I just reviewed the LG V30 and called it my favorite phone of the year. Why you may ask? In a nutshell, it’s because of its fast performance, great set of cameras, superb bezel-less screen, glass design, IP68 rating, wireless charging capabilities, excellent battery life, and great software. It’s a perfectly well-rounded Android phone that costs just $800. And to me, it’s the phone that deserves your attention and should be the only thing to consider if you want a new flagship Android device.
“But hey, there’s other options, too!” says some of you, surely. “Samsung did great this year, and so did Google with the Pixel 2!” I already know Samsung did great with the Galaxy S8 and Note 8, but they nevertheless fell behind the dominance of the V30 to me because they simply didn’t offer enough. But the latter device mentioned I had never used for a majority of my time with the V30. So when I finally got a unit of the Pixel 2 XL to review from Verizon, I was skeptical since I honestly didn’t think it would top the V30 for me.
And then I started using the thing. And I’ve determined that while it doesn’t necessarily beat the V30 to a pulp, I like it just as much and, in some cases, even more.
Let me just start by saying the Pixel 2 XL is very much a Google phone. Its aluminum design covered with a plastic-texted coating makes it feel nothing short of something like a classic Nexus device, while the flat sides and not-so-extreme curved corners add a bit of grip and comfortability. The entire thing is also IP67 water and dust resistant, although you don’t wanna go swimming with it.
Pixel 2 XL sticks out when compared to the glass and metal pool that is the smartphone market
On the front sits a 6-inch 18:9 Quad HD+ AMOLED display, flanked by stereo speakers. These sound okay at best, but at least they’re stereo and face you. The back features a glass panel that’s become a Pixel brand staple as it’s featured on both last year’s Pixel and the new Pixelbook. All in all, you’ll immediately know this is a Google phone when staring at it in a carrier store, and that’s a good thing since it sticks out in the pile of metal and glass that’s erected in recent memory.
Of course, I nearly skipped over possibly the biggest controversy surrounding Google’s products, and that’s the display on the Pixel 2 XL. Whereas the Pixel 2 is receiving no criticism, the 2 XL has been subject to some harsh words from reviewers. This is due to the 6-inch panel having very dull colors (Google says this way it represents more natural and realistic colors, but I don’t see it), serious color shifting when viewed off-axis, and showing some pretty bad burn-in after just weeks of use. Google has released a software update since the first initial wave of reviews came to hopefully resolve the first and third issues noted, but there’s not much they can do about that second problem.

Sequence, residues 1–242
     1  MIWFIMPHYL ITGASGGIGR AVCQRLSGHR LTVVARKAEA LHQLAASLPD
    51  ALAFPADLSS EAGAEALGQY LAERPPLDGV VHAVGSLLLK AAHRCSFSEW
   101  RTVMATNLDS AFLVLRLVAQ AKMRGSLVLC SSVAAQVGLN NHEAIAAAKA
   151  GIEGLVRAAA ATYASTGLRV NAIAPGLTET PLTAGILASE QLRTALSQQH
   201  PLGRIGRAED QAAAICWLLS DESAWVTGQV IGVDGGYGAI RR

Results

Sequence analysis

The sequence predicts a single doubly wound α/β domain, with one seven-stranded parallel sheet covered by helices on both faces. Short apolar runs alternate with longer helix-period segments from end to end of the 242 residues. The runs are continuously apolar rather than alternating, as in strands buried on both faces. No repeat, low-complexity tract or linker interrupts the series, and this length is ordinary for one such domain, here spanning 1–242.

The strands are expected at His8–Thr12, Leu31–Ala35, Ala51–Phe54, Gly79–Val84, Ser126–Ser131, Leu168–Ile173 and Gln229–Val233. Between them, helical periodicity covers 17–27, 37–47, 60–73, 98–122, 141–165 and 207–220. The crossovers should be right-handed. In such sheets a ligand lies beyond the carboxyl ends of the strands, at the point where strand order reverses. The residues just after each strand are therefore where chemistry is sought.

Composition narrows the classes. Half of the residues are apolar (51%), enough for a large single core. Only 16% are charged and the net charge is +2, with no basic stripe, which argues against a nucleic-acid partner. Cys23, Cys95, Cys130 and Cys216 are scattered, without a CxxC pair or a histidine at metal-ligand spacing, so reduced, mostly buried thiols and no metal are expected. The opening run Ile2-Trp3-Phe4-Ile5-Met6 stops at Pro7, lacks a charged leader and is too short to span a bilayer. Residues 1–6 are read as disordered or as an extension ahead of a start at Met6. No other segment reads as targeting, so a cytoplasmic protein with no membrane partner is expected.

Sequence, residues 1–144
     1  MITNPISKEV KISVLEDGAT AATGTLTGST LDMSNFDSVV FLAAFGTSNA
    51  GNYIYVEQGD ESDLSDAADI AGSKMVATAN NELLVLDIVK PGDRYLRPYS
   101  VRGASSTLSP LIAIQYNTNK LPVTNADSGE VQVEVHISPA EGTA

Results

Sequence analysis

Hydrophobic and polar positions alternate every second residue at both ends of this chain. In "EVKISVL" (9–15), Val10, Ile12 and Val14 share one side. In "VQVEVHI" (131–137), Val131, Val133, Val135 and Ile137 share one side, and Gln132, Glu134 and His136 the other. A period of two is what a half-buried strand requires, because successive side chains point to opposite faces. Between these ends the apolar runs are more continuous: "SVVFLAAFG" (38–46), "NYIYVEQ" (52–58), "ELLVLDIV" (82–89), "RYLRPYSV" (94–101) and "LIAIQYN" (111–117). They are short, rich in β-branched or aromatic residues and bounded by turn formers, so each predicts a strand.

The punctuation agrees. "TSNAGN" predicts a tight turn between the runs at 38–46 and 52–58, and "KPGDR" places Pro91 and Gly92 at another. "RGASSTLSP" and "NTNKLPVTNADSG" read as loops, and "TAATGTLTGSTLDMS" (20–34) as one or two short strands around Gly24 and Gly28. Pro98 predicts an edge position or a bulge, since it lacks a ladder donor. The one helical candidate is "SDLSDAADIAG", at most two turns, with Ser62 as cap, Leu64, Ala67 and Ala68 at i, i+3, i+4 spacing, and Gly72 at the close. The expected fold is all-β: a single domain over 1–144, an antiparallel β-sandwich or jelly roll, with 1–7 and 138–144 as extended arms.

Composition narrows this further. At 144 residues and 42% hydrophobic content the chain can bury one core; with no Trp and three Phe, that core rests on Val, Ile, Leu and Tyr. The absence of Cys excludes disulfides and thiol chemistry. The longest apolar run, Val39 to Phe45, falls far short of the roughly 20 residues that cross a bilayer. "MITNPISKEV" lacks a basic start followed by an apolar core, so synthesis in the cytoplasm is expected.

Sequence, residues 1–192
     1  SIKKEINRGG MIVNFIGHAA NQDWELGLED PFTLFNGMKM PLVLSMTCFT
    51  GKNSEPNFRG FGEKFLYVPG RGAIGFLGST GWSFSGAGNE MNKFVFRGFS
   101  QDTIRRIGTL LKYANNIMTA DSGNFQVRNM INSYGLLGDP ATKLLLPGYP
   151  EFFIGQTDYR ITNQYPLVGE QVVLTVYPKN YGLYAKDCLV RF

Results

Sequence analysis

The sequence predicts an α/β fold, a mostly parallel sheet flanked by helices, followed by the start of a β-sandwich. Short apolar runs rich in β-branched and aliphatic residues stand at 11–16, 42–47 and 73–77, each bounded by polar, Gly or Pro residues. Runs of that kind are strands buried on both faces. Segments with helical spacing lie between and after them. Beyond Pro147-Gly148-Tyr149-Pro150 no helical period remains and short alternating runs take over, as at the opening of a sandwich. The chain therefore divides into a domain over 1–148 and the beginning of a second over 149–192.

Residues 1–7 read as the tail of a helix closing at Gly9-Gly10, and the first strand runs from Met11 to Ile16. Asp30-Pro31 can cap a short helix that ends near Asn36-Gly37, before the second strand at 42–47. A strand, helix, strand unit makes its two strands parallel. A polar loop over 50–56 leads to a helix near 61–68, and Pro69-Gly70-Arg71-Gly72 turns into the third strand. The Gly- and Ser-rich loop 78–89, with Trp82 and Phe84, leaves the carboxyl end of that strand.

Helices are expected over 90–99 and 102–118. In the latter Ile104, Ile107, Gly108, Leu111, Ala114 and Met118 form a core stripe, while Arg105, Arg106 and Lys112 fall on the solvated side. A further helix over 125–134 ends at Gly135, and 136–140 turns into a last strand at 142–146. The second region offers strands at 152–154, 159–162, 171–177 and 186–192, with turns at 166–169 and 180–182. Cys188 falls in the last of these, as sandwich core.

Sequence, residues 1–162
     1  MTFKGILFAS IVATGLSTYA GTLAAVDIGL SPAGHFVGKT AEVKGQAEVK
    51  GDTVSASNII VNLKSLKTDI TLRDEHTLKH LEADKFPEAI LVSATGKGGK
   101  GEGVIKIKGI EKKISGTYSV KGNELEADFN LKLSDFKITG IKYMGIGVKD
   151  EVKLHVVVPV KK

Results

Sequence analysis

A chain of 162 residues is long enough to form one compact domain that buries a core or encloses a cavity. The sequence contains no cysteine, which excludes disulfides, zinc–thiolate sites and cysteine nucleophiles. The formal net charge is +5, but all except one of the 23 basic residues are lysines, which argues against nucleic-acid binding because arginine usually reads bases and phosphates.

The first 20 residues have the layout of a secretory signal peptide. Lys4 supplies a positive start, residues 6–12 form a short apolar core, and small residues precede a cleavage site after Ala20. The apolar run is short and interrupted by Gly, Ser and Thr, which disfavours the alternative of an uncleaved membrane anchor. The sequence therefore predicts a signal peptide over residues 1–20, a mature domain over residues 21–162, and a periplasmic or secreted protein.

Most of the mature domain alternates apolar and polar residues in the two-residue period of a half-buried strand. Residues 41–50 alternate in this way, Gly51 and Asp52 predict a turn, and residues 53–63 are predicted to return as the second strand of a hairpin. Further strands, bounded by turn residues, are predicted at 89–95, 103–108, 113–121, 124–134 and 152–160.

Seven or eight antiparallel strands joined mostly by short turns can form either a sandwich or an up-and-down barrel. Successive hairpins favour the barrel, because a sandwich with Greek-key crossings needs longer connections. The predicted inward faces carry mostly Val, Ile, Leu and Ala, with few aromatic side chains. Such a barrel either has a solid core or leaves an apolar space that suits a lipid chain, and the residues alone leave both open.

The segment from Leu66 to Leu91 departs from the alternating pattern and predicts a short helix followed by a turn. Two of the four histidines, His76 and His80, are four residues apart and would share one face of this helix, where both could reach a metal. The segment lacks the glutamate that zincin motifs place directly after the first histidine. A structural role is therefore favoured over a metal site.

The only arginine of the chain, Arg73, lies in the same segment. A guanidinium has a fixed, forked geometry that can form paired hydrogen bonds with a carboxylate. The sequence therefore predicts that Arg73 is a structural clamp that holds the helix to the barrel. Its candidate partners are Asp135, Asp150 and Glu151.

The Pixel 2 XL’s screen is fine
Here are my thoughts on the subject: in two words, it’s fine. In more words, Google’s software update has increased the Pixel 2 XL’s color saturation to a level that’s actually standable and has reduced the change you’ll suffer from screen burn-in which, by the way, is inevitable with all OLED panels. When looking at the screen off-axis, you will see some blue tinting, but it shouldn’t be a problem if you look at the screen straight-on.
When looking at the screen with the Saturated color mode turned on, you won’t be able to decipher between the Pixel 2 XL and the LG V30’s screens whatsoever. And you shouldn’t be able to anyway; LG built them both. They should look exactly the same. But until this software update came, the Pixel 2 XL’s look a lot worse. So basically, thank God Google took action quickly. Otherwise, I’d have to say the 2 XL’s screen was a dealbreaker.
Besides the actual quality of the screen, it’s worth pointing out the Pixel 2 XL’s display is actually surrounded by some pretty sizeable bezels. Whereas the LG V30, Samsung S8, and even the iPhone X keep things slim, thanks to the stereo speakers, the 2 XL has bezels that may come off as rather dated and ugly when compared to competitors’ options. It’s a forgivable design misstep since you get better audio quality in exchange, but hopefully next year, Google figures out how to make them even smaller while still retaining the same listening experience.
As for the rest of the phone, you have a single camera mounted in the glass shade on the back with an LED flash, a fingerprint sensor that sits right in the middle in the most convenient of spots, a SIM tray on the left, volume and power buttons on the right, and a USB-C port on the bottom. Sadly, the Pixel 2 and 2 XL don’t include headphone jacks after Google made fun of Apple last year for omitting it on the iPhone 7. It’s really ironic and easy to joke about, but having to deal with a dongle just to listen to music on the go without Bluetooth is no laughing matter. In fact, it’s really annoying, and I seriously hope the whole “wireless headphones” thing gets better. And fast.